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Europe

Ukraine puts Visegrad solidarity to the test

Central Europe is sharply divided on the crisis in Ukraine, while the EU is anxious to maintain unity. Several of the countries reject the very notion of Russia as a security threat. Rob Cameron reports from Prague.

German Foreign Minister Frank-Walter Steinmeier arrives in the Slovak capital Bratislava on Monday for talks with Central European colleagues expected to be dominated by the crisis in Ukraine.

Analysts say maintaining unity in the face of Russian aggression is one of the key challenges facing the European Union; but there are sharp divisions in Central Europe over how to face this challenge. Indeed several of the countries, most of which are heavily dependent on Russian energy, reject the very notion of Russia as a security threat.

A bend in the river

The leaders of three Central European states gathered on February 15, 1991, at the ancient Hungarian town of Visegrad, whose fourth-century castle stands guard over a strategic bend in the River Danube.

It was 10 days before the dissolution of the Warsaw Pact. Czechoslovakia, Poland and Hungary - newly freed from Moscow's orbit but with NATO and EU membership still a long way off - had decided to band together. Visegrad Castle was chosen as the spot where the kings of Hungary, Poland and Bohemia formed a similar alliance back in 1335.

The Visegrad Group survived long after its members fulfilled their common ambition of joining NATO (1999) and the European Union (2004). The alliance (which grew to four with the split of Czechoslovakia in 1993, and sometimes includes Austria and Slovenia as 'Visegrad Plus') has frequently pursued and achieved common objectives, especially within the EU.

Serious crisis

But the crisis in Ukraine is putting the limits of that solidarity to the test. Some believe the fissures are so deep the Visegrad Group is increasingly redundant.

"It's clear that this is the most serious crisis for Visegrad since the years of Vladimir Meciar's government [in Slovakia] in the 1990s," said Martin Ehl, chief international editor for the Czech financial daily "Hospodarske noviny."

He believes if Steinmeier hopes to hear a common Visegrad position on Russia, he might be disappointed.

"I think in the present local political circumstances it is quite hard to imagine a common V4 position towards Russia," Ehl told DW. "The Polish position is very different, while the Czechs are - due to President Zeman's remarks - considered to be the most pro-Russian after the Hungarians. The Slovaks have a balanced view thanks to President Kiska's stance," he went on.

"But all politicians say that Visegrad is not in danger because of Russia," Ehl said.

'Deep concern' … at least on paper

On paper at least, the Visegrad Group talks the talk. In December, Visegrad foreign ministers met in Kyiv, releasing a joint statement which spoke of "deep concern" at the "violation of Ukraine's territorial integrity."

"The Visegrad countries believe that the recent military actions by Russia are not only in violation of international law, but also create a dangerous new reality in Europe. The Czech Republic, Hungary, Poland and Slovakia are appalled to witness a military intervention in 21st century Europe akin to their own experiences in 1956, 1968 and 1981," the statement went on.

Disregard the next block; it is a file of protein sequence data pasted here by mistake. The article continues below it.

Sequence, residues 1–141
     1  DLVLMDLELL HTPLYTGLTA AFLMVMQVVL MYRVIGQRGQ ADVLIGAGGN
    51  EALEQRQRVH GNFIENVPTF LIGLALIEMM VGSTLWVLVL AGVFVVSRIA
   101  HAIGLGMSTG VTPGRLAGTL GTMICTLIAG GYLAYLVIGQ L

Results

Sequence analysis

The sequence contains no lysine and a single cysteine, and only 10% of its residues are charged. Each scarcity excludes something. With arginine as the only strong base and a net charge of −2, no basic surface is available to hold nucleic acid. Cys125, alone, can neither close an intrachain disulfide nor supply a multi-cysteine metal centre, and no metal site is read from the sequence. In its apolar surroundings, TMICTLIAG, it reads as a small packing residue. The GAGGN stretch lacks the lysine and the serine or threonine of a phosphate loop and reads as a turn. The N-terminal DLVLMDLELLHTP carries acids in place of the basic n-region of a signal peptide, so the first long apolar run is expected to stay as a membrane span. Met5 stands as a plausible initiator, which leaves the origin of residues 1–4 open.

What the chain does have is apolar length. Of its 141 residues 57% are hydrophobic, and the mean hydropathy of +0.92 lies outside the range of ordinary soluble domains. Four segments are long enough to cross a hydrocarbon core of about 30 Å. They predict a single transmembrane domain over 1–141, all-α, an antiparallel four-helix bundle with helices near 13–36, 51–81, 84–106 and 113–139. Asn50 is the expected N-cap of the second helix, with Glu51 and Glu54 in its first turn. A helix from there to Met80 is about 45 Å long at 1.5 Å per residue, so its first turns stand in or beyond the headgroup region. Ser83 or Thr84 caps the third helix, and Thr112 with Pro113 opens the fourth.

But in reality the group's leaders are poles apart when it comes to countering that violation. The Hungarian foreign minister may have been "appalled," but two months later, his prime minister, Viktor Orban, received Russia's President Vladimir Putin in Budapest with great pomp and ceremony.

Keep the gas flowing

Hungary, heavily dependent on Russian gas, has consistently criticized EU sanctions towards Russia, and opposes the proposed EU energy union that would see EU members forced to adopt greater transparency in their energy deals with non-EU countries. Some Czech and Slovak politicians have echoed Hungarian concerns.

Protesters in Budapest

Hungarians protested against Putin's visit to Budapest in February

On Ukraine, the Czech government broadly toes the NATO line on the presence of Russian soldiers in eastern Ukraine. But Czech President Milos Zeman says there are no Russian troops in Ukraine, and insists on describing the conflict as a "civil war."

On May 9 Zeman will head to Moscow to attend the victory parade marking the 70th anniversary of the end of the war; the only head of state from a European Union country (with the exception of Cyprus) to do so. Also attending is Slovak Prime Minister Robert Fico, another staunch critic of EU sanctions against Moscow. Slovakia's president, Andrej Kiska, refuses to attend due to Russian aggression in Ukraine.

Moscow … or Berlin?

Poland, meanwhile, is quietly proposing an alternative ceremony to be held in Berlin. Such an event, should it take place with high-level European participation, would steal the Russians' thunder and further infuriate Moscow.

It would be a mistake to overstate the importance of a Central European leader attending - or vetoing - a military ceremony. What matters is whether any of the EU 28 are ready to veto sanctions against Moscow; so far they are not.

But the Visegrad leaders' travel plans for early May do reveal genuine schisms in the region over how to deal with an increasingly belligerent Russia, as national interests, particularly over energy, take precedence over regional alliances.

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